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Posted at 8:43 PM ET, 06/17/2010

Introducing the 2010 Interns' Guide

By Lavanya Ramanathan

The Coolout, a happening party held every Sunday atop the Beacon Hotel downtown, offers the chance to see some of D.C.'s top DJs for free. (2008 photo by Garai Rice)

UPDATE: Submit your photos to the 2010 Intern Scrapbook.

You've got an awesome gig on the Hill, a sweet pad in a bustling city and three whole months to make your time in Washington count. All you need now is to figure out what to do with your off-hours.

This is where we come in.

We've compiled guides to point you to the most happening happy hours, free nightlife, cheap eats and city scenes -- all of it perfect for the "over 21 but totally underpaid" set. If you're looking for classic summertime fun, from outdoor movies to winery-hopping, we've got that too.

And if you want to really do Washington like a local? Begin with this checklist, with nine ways to live it up like a true D.C. denizen.

Soak up the Sun, Washington-Style
By "Washington-style," we really mean "Ways we invented because most of us don't have backyards, two-story decks or fabulous pools." Perfect example: The Sunday afternoon Spike'd Sundays parties at the Capitol Skyline pool, where $15 buys you entry to the city's coolest pool and a burger cooked to perfection on a grill (another thing most of us don't have). The Beacon Hotel's rooftop has been buzzing on Sunday afternoons for two summers now, thanks to the party dubbed the Coolout; this year, a rotating cast of the city's most notable DJs and bands join the mix to keep the free party going strong. But the spectacular view and stylish people don't hurt, either.

But parties are only one way to enjoy the outdoors. Rock Creek Park is where we go to picnic (under shade), run and bike, and hey, public pools have their charms, especially the public waterparks in the 'burbs.

The obsession with eating food purchased off of moving vehicles has reached a fever pitch. Join in on the collective feasting. Thanks to this fleet of tweeting trucks, you can get banh mi, chicken curry, cupcakes, pizza and even frozen yogurt on the go; this story has everything you need to know about how to find them.

Have a Drink Unlike Any Other. Worry About the Bill Later.
Washington has a handful of amazing mixologists, super-bartenders who pour so much thought (and love) into their drinks, that cocktail fans have come to know them by name. There's Gina Chersevani, the bartendress at PS 7's, whose Gnome's Water cocktail (cucumber water, gin, miscellaneous good stuffs) is the most refreshing summer drink you'll ever have. Todd Thrasher, the man behind Alexandria's speakeasy PX, sometimes pulls out an incredible bloody mary that you have to see to believe (it's clear). Room 11's Dan Searing is a classic cocktails man, the kind of guy who will pour obscure spirits and offer little history lessons for particularly inquisitive customers. Get the full Searing experience by finding a seat at the bar on a Monday or Tuesday.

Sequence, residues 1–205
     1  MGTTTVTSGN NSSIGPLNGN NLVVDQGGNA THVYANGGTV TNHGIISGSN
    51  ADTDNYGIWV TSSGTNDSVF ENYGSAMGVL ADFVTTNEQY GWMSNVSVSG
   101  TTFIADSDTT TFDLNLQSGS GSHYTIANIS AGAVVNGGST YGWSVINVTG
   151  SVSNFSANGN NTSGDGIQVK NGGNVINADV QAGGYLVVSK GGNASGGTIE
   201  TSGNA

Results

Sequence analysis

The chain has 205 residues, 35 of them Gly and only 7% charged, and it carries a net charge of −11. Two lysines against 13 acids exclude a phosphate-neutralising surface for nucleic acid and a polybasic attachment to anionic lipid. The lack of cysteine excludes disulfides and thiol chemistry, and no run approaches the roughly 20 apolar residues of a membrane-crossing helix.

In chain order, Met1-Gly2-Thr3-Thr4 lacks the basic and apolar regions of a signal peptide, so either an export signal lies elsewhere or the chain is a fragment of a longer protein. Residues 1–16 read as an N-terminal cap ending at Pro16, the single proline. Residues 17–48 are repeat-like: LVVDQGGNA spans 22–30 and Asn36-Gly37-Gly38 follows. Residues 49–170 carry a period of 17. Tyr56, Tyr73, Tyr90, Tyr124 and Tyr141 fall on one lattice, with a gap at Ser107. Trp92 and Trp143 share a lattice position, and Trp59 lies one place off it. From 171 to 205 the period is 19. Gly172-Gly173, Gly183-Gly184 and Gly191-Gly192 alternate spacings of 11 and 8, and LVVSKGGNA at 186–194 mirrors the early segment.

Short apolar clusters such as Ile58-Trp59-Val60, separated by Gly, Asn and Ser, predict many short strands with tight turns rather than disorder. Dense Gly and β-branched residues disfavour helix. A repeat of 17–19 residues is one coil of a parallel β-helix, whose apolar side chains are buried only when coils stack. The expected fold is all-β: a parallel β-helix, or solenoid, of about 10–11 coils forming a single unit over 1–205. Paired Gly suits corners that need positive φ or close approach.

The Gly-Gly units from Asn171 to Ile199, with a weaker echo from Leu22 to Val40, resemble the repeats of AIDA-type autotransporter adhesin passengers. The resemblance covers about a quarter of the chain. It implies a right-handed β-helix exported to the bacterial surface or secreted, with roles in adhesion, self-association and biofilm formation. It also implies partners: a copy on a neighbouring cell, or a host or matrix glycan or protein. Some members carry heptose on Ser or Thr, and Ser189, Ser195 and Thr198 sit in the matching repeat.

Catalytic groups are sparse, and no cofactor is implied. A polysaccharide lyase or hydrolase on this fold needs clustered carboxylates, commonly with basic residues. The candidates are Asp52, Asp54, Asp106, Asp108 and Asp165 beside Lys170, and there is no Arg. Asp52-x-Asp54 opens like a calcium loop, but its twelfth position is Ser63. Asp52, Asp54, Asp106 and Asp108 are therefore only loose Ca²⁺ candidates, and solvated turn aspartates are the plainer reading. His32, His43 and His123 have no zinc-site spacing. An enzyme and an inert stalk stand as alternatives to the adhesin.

Here's the thing to remember: Organic ingredients, fine liquors, handmade bitters -- they can all crank up the price of your cocktail to significantly more than your average vodka soda. Expect a D.C. craft cocktail to run you anywhere from $8 to $13. For more, check out this list of food critic Tom Sietsema's favorite Washington sips.

(Find plenty of other ideas after the jump.)

Hit an Art Party
It's really enriching to see art and meet new people at a gallery reception -- add a little free wine, and you've got a pretty great (inexpensive) evening out. Check out this list to get started tonight. Other art parties you shouldn't miss:

The opening receptions at Irvine Contemporary on 14th Street NW are fun because of the eclectic crowds they draw. But the gallery's proximity to bars and clubs (including ChurchKey, Café Saint-Ex, the Black Cat) and restaurants (Masa 14, Bar Pilar, Posto) also make it a great launching point for a night out. The next opening is this Saturday from 6 to 8 p.m.

The small galleries that dot R Street attract hundreds of 20-somethings once a month for Dupont Circle's First Friday openings, held, as the name suggests, the first Friday of each month. The one to visit? Hillyer Art Space, where guests linger to hear DJs, chat in the secluded alley and sip beer and wine (a $5 donation is suggested).

Hirshhorn After Hours is, by far, the biggest art party around; the Smithsonian museum hosts the late-night fete every few months in its massive outdoor terrace space with DJs, projections, dancing, and drinking. It's so popular, the event (whose tickets hover at $18, not including drinks) is perennially sold out; get tickets in advance for the next installment on July 23.